After Marriage, How Long People Wait to Have Kids

First comes love, then comes marriage, then comes baby in the baby carriage. Sometimes.

When a couple gets married, they are almost always faced with the inevitable pester from friends and family: So when are you having kids? The older you are, the more pressing the question seems to be. Ticktock, ticktock.

Instead of hemming and hawing, you can just show them this chart instead. It shows how long people usually wait to have kids after getting married.

Age at Marriage vs. Time to Have a Kid

If they do have kids, married people usually have their first one during the first six years of marriage.

It’s based data from the 2015-2017 National Survey of Family Growth (NSFG), which is run by the Centers for Disease Control and Prevention (CDC). The circles are sized proportionally to estimated counts, but pay more attention to the overall distribution than on the individual points.

In the younger years, you see longer times in between marrying and having a kid, some nearly a decade. But once people get into their thirties, there’s less time to spare.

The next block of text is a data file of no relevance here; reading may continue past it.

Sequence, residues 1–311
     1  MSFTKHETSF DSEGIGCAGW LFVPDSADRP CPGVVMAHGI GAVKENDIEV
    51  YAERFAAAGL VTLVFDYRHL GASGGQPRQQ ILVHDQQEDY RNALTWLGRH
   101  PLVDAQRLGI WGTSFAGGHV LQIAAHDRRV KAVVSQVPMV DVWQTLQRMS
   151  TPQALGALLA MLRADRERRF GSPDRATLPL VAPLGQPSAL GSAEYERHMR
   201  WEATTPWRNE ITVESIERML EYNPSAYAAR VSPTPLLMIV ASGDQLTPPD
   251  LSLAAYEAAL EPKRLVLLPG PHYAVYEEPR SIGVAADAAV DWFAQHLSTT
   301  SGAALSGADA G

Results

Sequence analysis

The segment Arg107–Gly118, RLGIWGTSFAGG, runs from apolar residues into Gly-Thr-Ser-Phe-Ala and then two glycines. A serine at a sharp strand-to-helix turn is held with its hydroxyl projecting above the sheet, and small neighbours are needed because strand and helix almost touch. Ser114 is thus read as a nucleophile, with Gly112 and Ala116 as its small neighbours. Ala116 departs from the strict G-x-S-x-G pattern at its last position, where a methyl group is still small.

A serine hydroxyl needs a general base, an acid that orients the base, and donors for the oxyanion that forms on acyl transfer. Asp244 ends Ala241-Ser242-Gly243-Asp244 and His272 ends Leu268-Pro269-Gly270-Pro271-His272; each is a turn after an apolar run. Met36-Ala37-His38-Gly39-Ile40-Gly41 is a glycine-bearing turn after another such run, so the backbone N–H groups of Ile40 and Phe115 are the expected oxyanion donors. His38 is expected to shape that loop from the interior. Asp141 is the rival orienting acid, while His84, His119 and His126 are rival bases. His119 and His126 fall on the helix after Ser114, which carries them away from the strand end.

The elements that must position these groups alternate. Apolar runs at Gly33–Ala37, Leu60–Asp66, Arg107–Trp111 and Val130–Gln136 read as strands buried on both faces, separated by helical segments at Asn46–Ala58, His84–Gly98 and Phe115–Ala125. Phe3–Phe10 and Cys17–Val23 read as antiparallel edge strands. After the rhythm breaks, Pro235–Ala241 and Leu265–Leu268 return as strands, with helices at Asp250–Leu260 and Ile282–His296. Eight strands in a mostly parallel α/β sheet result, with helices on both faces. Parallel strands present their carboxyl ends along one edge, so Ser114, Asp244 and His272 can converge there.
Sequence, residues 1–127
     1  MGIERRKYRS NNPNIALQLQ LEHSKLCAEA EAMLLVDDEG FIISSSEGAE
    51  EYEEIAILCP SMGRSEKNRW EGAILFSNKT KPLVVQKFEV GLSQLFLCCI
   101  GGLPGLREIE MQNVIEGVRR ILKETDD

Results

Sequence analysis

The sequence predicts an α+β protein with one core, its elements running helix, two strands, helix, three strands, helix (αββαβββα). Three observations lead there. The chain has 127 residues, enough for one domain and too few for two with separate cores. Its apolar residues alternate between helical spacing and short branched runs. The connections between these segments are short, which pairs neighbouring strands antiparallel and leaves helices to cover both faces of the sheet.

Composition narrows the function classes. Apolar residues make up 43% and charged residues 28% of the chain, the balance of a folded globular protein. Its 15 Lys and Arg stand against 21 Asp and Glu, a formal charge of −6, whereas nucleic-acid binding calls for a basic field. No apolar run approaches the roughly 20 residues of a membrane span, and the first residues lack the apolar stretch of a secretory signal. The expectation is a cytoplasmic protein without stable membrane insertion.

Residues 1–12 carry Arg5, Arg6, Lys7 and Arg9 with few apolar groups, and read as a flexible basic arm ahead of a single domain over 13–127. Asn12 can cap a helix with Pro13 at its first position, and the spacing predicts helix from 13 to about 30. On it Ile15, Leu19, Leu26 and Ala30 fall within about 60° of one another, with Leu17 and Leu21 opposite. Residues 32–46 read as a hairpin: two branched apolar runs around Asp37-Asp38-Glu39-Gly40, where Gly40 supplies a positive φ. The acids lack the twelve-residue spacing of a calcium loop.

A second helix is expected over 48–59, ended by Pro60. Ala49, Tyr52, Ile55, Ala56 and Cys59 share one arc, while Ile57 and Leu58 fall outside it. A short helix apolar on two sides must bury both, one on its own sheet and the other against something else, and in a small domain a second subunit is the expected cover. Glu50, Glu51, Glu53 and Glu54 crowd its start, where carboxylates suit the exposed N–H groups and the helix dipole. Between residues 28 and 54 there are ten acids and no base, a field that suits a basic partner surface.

There are social reasons of course, but for women, it’s also biological, as shown below.

Pregnancy Outcome by Age of Mother

Getting pregnant can mean different things depending on where you are in life. Maybe pester newlyweds less.

AGE GROUP

15-19

20-24

25-29

30-34

35-39

40+

A higher percentage of pregnancies end in a miscarriage or stillbirth at older ages.

Miscarriage

Stillbirth

Ectopic

Abortion

Cesarian

Vaginal

AGE GROUP

15-19

20-24

25-29

30-34

35-39

40+

Miscarriage

A higher percentage of pregnancies end in a miscarriage or stillbirth at older ages.

Stillbirth

Ectopic

Abortion

Cesarian

Vaginal

In case you’re unfamiliar, the above is a mosaic plot, also known as a Marimekko diagram. The width of the columns represents the percentage of pregnancies for the age group. The height of each stacked rectangle represents the percentage of pregnancies that ended with corresponding outcome, in a given age group. The full range of both dimensions is 0% to 100%.

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